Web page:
Sermon Recap Vol. 1.36

FROM THE DESK OF WILL SPOKES, SENIOR PASTOR

O Love That Will Not Let Me Go

Verse 1

O Love that will not let me go, 
I rest my weary soul in thee; 
I give thee back the life I owe, 
That in thine ocean depths its flow
May richer, fuller be.

Welcome to the Red Mountain Sunday Recap! 

The Sunday Recap is a brief fly-by of what we did during Sunday worship. Did anything land with you from worship on Sunday? What did it make you think? How did it make you feel? What did you find especially sweet or challenging from God's word? What did we sing, read, or pray that left an impression on you?

Food For Thought!

A few of you asked me about the letter I read during worship describing the lives of Christians in the 2nd Century. We don't know exactly who wrote it or to whom but it goes by the name of The Letter to Diognetus. So here it is in full...

Chapter 5. The manners of the Christians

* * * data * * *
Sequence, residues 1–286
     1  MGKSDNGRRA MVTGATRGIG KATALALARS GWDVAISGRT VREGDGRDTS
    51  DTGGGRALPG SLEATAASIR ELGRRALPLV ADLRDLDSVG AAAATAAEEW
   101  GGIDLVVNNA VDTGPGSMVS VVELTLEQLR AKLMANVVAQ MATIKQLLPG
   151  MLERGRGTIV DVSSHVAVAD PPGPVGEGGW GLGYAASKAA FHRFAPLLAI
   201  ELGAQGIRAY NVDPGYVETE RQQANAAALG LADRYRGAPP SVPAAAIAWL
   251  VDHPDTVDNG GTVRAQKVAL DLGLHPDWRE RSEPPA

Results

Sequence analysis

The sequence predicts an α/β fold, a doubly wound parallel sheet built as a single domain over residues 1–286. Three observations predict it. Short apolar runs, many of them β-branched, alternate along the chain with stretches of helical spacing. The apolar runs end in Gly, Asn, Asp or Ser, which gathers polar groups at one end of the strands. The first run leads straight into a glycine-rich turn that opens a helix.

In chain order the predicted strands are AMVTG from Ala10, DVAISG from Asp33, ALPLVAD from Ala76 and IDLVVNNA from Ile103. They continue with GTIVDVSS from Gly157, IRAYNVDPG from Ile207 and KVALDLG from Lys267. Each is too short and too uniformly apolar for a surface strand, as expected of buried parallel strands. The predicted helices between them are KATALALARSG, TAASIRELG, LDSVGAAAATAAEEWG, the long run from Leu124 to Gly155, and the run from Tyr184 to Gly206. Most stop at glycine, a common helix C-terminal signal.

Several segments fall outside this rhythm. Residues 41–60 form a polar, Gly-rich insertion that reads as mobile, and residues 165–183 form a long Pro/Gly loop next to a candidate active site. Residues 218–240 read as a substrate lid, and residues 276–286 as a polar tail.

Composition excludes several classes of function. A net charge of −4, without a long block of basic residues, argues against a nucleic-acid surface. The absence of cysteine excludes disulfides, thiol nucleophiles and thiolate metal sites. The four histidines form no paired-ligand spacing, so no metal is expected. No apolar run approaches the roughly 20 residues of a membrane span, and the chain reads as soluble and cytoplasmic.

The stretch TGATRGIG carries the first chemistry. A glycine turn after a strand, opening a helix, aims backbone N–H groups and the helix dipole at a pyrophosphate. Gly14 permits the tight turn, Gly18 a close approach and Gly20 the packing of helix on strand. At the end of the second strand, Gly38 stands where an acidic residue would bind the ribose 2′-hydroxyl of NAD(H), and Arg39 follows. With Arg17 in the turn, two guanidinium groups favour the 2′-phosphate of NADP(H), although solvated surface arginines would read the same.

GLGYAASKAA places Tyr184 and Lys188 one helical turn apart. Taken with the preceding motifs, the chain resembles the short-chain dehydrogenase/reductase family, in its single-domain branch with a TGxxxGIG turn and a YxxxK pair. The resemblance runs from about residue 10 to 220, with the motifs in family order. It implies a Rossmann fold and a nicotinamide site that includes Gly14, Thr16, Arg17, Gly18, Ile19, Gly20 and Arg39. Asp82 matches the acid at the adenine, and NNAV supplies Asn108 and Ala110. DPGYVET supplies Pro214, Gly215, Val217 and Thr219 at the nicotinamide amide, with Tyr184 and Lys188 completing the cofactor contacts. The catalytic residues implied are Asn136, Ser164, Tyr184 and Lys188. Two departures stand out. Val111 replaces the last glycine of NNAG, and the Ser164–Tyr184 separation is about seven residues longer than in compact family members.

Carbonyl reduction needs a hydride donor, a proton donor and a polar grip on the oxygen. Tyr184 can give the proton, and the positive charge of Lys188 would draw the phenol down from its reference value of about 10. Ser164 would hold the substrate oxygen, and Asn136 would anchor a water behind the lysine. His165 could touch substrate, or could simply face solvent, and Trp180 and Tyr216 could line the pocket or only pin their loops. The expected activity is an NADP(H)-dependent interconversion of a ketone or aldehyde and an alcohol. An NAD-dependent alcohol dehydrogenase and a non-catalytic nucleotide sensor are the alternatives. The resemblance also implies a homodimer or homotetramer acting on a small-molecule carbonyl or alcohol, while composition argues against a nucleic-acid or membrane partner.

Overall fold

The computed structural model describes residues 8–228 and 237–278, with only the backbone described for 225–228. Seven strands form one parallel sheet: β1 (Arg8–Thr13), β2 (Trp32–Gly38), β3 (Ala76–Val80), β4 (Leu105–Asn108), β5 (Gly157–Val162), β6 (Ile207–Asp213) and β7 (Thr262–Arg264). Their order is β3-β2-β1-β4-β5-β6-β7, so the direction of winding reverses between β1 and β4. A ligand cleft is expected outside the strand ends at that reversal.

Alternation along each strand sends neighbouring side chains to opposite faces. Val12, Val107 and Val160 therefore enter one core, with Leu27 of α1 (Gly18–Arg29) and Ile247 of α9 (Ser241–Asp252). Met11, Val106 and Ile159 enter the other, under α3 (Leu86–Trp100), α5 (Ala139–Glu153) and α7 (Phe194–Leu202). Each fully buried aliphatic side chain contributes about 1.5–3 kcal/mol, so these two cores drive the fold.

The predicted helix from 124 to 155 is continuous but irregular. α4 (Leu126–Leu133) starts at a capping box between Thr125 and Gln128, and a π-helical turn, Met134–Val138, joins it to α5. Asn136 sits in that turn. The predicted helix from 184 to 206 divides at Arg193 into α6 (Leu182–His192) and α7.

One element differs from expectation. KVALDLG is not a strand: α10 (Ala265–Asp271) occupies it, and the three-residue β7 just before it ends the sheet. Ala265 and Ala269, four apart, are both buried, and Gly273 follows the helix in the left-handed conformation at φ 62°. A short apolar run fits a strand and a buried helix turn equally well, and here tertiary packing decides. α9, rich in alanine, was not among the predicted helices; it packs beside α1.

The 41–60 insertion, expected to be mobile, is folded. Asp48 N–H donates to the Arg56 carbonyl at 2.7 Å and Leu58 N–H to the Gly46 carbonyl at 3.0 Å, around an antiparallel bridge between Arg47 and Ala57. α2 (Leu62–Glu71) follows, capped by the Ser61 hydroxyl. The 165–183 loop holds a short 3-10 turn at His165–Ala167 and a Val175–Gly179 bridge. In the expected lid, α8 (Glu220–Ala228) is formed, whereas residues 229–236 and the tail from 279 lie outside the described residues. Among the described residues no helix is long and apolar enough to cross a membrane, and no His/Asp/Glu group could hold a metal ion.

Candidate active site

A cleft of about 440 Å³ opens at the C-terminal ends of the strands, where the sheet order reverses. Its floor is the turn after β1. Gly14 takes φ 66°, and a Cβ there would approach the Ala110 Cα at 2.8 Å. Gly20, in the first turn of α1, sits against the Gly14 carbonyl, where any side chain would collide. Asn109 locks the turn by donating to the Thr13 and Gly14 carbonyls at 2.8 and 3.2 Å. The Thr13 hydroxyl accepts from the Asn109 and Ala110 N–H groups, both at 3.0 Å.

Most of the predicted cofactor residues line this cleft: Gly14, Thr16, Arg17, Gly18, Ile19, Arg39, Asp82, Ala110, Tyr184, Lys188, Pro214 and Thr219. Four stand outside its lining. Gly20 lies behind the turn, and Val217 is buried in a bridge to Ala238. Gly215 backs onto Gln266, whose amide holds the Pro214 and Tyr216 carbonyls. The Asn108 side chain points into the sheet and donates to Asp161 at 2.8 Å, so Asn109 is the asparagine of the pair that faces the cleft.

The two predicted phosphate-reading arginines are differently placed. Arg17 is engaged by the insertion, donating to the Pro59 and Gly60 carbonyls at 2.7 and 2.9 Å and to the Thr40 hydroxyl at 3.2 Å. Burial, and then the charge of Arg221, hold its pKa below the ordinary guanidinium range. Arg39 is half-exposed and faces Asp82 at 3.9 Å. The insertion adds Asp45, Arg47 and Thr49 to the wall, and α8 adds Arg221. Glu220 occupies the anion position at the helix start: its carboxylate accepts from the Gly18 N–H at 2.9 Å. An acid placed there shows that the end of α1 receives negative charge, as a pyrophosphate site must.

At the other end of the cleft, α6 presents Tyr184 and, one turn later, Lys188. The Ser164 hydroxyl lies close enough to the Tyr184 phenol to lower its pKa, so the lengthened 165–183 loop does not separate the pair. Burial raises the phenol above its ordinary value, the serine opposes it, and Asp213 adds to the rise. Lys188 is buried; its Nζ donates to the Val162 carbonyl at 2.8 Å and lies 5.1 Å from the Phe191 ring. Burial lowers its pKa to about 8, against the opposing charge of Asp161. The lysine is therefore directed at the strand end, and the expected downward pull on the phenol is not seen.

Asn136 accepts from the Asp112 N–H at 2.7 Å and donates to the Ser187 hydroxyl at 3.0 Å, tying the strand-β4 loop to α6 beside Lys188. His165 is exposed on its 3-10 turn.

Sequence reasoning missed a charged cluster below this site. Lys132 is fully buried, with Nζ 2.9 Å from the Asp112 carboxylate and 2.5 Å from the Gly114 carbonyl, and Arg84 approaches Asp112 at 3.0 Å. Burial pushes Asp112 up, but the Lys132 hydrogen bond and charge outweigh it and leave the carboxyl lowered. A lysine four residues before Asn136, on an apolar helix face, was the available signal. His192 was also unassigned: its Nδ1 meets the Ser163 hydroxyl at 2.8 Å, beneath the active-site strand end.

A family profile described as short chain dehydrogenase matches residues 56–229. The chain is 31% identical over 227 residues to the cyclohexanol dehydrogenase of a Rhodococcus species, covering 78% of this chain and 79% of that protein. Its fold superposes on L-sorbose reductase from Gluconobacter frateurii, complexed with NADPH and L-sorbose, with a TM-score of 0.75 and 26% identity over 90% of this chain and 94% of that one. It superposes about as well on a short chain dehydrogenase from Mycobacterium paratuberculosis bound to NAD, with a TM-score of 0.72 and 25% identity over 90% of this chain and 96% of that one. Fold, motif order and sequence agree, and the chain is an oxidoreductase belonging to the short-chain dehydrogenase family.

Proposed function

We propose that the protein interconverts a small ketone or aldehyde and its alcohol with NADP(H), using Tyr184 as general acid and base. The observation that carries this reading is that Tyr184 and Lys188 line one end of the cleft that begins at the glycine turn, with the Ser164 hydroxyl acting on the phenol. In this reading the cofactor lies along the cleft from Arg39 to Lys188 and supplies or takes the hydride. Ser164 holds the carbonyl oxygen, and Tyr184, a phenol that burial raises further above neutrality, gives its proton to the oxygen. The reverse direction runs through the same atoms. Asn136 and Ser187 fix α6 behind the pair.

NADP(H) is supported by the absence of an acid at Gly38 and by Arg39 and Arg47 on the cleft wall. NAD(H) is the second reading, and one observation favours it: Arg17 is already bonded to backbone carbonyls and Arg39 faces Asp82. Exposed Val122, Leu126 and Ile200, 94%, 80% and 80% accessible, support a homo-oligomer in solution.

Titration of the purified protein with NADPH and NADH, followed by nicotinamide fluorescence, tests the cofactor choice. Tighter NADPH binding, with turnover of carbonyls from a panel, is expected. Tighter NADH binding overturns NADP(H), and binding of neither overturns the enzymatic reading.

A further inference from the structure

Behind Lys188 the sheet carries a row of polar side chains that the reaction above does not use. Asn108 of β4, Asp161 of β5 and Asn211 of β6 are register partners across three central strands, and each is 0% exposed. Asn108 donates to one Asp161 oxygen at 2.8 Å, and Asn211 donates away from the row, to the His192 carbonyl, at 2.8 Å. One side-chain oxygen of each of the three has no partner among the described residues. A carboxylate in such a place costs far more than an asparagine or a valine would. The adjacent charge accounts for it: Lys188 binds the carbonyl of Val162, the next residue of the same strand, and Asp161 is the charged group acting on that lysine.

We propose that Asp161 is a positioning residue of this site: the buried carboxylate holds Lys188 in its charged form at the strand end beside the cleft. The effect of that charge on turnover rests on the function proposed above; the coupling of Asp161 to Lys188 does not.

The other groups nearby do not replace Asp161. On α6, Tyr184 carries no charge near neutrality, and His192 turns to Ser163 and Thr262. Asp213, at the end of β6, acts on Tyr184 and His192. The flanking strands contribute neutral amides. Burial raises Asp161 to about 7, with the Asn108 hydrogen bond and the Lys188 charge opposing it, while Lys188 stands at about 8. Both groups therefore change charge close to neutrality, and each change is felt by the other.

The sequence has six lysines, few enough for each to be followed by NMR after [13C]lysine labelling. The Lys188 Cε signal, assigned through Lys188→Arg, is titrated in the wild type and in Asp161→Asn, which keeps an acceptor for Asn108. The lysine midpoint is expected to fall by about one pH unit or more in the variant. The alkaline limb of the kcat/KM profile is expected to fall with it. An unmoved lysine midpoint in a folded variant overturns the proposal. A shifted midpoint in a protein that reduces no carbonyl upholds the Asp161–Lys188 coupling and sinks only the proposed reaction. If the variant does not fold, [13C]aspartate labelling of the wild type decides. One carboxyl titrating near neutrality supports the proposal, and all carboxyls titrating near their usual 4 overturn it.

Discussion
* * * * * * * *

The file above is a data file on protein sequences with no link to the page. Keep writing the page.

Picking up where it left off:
For the Christians are distinguished from other men neither by country, nor language, nor the customs which they observe. For they neither inhabit cities of their own, nor employ a peculiar form of speech, nor lead a life which is marked out by any singularity. The course of conduct which they follow has not been devised by any speculation or deliberation of inquisitive men; nor do they, like some, proclaim themselves the advocates of any merely human doctrines. But, inhabiting Greek as well as barbarian cities, according as the lot of each of them has determined, and following the customs of the natives in respect to clothing, food, and the rest of their ordinary conduct, they display to us their wonderful and confessedly striking method of life. They dwell in their own countries, but simply as sojourners. As citizens, they share in all things with others, and yet endure all things as if foreigners. Every foreign land is to them as their native country, and every land of their birth as a land of strangers. They marry, as do all [others]; they beget children; but they do not destroy their offspring. They have a common table, but not a common bed. They are in the flesh, but they do not live after the flesh. They pass their days on earth, but they are citizens of heaven. They obey the prescribed laws, and at the same time surpass the laws by their lives. They love all men, and are persecuted by all. They are unknown and condemned; they are put to death, and restored to life. They are poor, yet make many rich; they are in lack of all things, and yet abound in all; they are dishonoured, and yet in their very dishonour are glorified. They are evil spoken of, and yet are justified; they are reviled, and bless; they are insulted, and repay the insult with honour; they do good, yet are punished as evil-doers. When punished, they rejoice as if quickened into life; they are assailed by the Jews as foreigners, and are persecuted by the Greeks; yet those who hate them are unable to assign any reason for their hatred.